It's not every day you see a 62.5 tonne Challenger 2 Tank drive onto the UK’s Fleet Flagship HMS Albion. But Exercise Baltic Protector offered a rare opportunity to demonstrate how British Army tanks can be moved and projected ashore using Royal Navy and Royal Marines amphibious platforms.
The Challenger 2 has been the main battle tank of the British Army since 1998, and successfully supported operations in Bosnia, Kosovo and Iraq. With a top speed of 59 km/h on the road and 40 km/h across country it’s primary role is to destroy or neutralise enemy armour with its 120mm rifled gun, however it is versatile enough to operate across a spectrum of high intensity conflict, counter insurgency and peace keeping roles.
This was a new experience. I had to keep double checking because of the movement of the craft. It felt like I wasn’t moving. The incline into the ship was very high and difficult to manoeuvre. Trooper Stratford
Trooper Stratford of the Kings Royal Hussars said: “This was a new experience. I had to keep double checking because of the movement of the craft. It felt like I wasn’t moving. The incline into the ship was very high and difficult to manoeuvre.” The Kings Royal Hussars are currently supporting NATO’s enhanced Force Presence in Estonia.Colour Sergeant ‘Daz’ Donavan, aged 36, of 4 Assault Support Royal Marines (ASRM), was the coxswain charged with getting the Landing Craft and tank onto the ship. He said: “It was really tough manoeuvring the landing craft into the well dock of the ship due to sway caused by the high sea state.”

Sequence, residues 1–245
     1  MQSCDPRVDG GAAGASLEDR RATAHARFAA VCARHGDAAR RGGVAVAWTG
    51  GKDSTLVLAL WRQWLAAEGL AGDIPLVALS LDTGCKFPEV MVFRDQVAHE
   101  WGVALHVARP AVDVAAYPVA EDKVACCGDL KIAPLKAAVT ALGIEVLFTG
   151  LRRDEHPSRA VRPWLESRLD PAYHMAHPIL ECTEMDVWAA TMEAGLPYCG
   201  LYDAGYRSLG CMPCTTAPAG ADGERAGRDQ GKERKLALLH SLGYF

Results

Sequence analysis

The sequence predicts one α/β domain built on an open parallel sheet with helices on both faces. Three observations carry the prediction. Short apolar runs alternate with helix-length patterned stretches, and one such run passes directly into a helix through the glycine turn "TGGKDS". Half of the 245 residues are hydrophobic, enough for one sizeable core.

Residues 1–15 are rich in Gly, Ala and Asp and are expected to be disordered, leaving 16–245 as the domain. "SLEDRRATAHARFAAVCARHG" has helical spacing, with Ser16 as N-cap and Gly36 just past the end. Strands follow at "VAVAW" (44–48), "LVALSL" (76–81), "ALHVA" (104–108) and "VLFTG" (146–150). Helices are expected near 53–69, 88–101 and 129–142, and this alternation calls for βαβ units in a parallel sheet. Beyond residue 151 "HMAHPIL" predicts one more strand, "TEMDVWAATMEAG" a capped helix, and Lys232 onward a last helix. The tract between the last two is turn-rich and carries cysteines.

The Deputy Commander of the Estonian Defence Forces, Major General Indrek Sirel, along with the Commander of the Amphibious Task Group, Commodore James Parkin, watched on as the landing craft was skilfully parked to allow the tank to drive onto the vehicle deck of HMS ALBION. So impressed were both Commanders with the coxswains skills that each presented Colour Sergeant Donavan with a Commander’s coin.
The training was an important demonstration of integration between amphibious forces from the Joint Expeditionary Force (JEF), and British Army and Estonian soldiers within NATO’s enhanced Forward Presence. The ability to move heavy armour from the sea to the land is a capability held by only a handful of nations around the world, and Baltic Protector continues to demonstrate the UK’s world leading amphibious capabilities.